Tyler Clementi was a freshman at Rutgers University in New Jersey. A student there for a little more than a month, I’m sure this was not what he pictured his college life as being. No one ever thinks that their privacy will be violated in their own bedroom and yet it was. For his roommate, the prankster, I wonder what made him think that videotaping the sexual encounter and streaming it on the web was a good idea. What kind of values and morals where you raised with? Why someone would violate another’s privacy like this, I will never understand.
What may have started out as a simple college prank, obviously ended with life altering consequences for all parties involved, with Tyler Clementi paying the ultimate price, his life. As I contemplated about what I wanted to say on this topic I realized that somewhere along the line someone or a group of people failed all of these teens; not only the victims but the tormentors as well. These children were not taught about tolerance. Not one was taught that it is ok to be different, that not everyone is going to believe in the same things that you may believe in. And in the end, who are we to judge. The way one chooses to live THEIR life is THEIR choice. And in my opinion when it comes to sexual preference I do not believe it is a choice. I am of the belief that you are born who you are but I’ll save that for another time.
These victims for one reason or another found it difficult to accept who they were. If they had then they never would have resorted to taking their own lives. Suicide is an action of the weak; an action for those who rather not deal with reality because the reality is too hard. The parents, family, and other adults in their lives failed them. These children lacked the self-esteem to know that being different was ok even if others failed to realize that.
It’s difficult to be a teenager; straight or gay. The teasing at times can often be relentless, hurtful and can make kids feel like giving up. And to these kids I say that it eventually stops. It does get better. Life is so much more than those awkward teenage years when we’re all struggling to find our place in the world. Those who tease or bully others have deeper issues going on within them and to parents I say to you, be very involved in your children’s lives. Question them, talk to them, love them, and be there for them.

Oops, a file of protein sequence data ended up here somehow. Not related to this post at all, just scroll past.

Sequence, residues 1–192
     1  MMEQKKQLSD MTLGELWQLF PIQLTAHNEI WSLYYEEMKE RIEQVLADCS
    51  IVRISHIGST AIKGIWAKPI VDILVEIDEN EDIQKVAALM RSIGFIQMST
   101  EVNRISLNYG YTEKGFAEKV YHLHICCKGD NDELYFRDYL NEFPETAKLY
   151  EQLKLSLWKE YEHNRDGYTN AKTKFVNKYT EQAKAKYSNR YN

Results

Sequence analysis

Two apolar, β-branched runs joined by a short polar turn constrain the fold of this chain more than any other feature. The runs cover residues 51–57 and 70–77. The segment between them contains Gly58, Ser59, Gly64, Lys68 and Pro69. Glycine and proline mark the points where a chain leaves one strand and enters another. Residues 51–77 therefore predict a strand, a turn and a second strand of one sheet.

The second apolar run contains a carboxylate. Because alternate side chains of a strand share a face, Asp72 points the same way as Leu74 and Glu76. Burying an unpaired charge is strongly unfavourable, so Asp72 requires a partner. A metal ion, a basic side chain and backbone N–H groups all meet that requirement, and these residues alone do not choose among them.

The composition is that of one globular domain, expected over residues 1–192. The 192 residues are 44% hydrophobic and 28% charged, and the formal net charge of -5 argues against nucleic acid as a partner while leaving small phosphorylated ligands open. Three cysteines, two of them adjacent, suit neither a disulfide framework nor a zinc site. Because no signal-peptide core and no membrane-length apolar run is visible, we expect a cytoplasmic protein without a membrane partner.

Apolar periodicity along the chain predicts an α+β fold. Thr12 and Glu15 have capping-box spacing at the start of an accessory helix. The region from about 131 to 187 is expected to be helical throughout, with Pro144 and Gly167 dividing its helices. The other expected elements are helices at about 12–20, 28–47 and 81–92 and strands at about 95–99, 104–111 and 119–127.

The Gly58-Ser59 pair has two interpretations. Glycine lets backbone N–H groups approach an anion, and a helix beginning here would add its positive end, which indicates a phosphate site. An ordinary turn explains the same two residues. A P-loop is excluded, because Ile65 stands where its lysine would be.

Sometimes it’s hard because of work and other family responsibilities but you have to make time for your kids. Get actively involved in their lives. Let them know that it’s ok to be different if they are. Teach them to love themselves as they are and teach them to accept those who are different. Teach them tolerance.
Teach them that tolerance means respecting and learning from others, valuing differences, bridging cultural gaps, rejecting unfair stereotypes, discovering common ground, and creating new bonds. Tolerance, in many ways, is the opposite of prejudice.
Tolerance does not mean that all behaviors have to be accepted.
Behaviors that disrespect or hurt others, like being mean or bullying, should not be tolerated. Tolerance is about accepting people for who they are — not about accepting bad behavior. Tolerance also means treating others the way you would like to be treated.
Like all attitudes, tolerance is often taught in subtle ways. Even before they can speak, children closely watch and imitate their parents. Kids of all ages develop their own values, in great part, by mirroring the values and attitudes of those they care about.
Parents’ attitudes about respecting others are often so much a part of them that they rarely even think about it. They teach those attitudes simply by being themselves and living their values. Parents, be great role models to your children.
Parents who demonstrate (or model) tolerance in their everyday lives send a powerful message. As a result, their children learn to appreciate differences too. This is why I say that we all have a responsibility in teaching tolerance. Children look to those in positions of authority or to those who they respect for clues as to how they should act, they emulate us. Therefore, it is our responsibility to teach them right from wrong. When we don’t then situations such as the ones I described in this article occur. Let’s not lose another life because of intolerance.